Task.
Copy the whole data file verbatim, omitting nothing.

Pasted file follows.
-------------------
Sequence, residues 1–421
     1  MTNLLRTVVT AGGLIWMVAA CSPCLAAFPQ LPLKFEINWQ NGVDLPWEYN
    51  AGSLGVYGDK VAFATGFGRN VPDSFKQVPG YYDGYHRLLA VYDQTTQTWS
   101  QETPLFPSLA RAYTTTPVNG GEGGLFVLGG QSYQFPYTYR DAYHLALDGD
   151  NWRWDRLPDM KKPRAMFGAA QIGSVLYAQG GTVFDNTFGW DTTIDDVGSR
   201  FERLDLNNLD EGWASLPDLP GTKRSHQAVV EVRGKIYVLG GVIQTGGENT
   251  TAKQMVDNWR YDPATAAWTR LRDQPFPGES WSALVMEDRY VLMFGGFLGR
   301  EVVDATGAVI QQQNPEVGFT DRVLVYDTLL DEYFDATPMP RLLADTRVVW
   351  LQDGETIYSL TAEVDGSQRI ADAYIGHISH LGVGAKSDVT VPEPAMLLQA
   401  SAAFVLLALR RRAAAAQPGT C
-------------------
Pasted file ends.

Sequence, residues 1–421
     1  MTNLLRTVVT AGGLIWMVAA CSPCLAAFPQ LPLKFEINWQ NGVDLPWEYN
    51  AGSLGVYGDK VAFATGFGRN VPDSFKQVPG YYDGYHRLLA VYDQTTQTWS
   101  QETPLFPSLA RAYTTTPVNG GEGGLFVLGG QSYQFPYTYR DAYHLALDGD
   151  NWRWDRLPDM KKPRAMFGAA QIGSVLYAQG GTVFDNTFGW DTTIDDVGSR
   201  FERLDLNNLD EGWASLPDLP GTKRSHQAVV EVRGKIYVLG GVIQTGGENT
   251  TAKQMVDNWR YDPATAAWTR LRDQPFPGES WSALVMEDRY VLMFGGFLGR
   301  EVVDATGAVI QQQNPEVGFT DRVLVYDTLL DEYFDATPMP RLLADTRVVW
   351  LQDGETIYSL TAEVDGSQRI ADAYIGHISH LGVGAKSDVT VPEPAMLLQA
   401  SAAFVLLALR RRAAAAQPGT C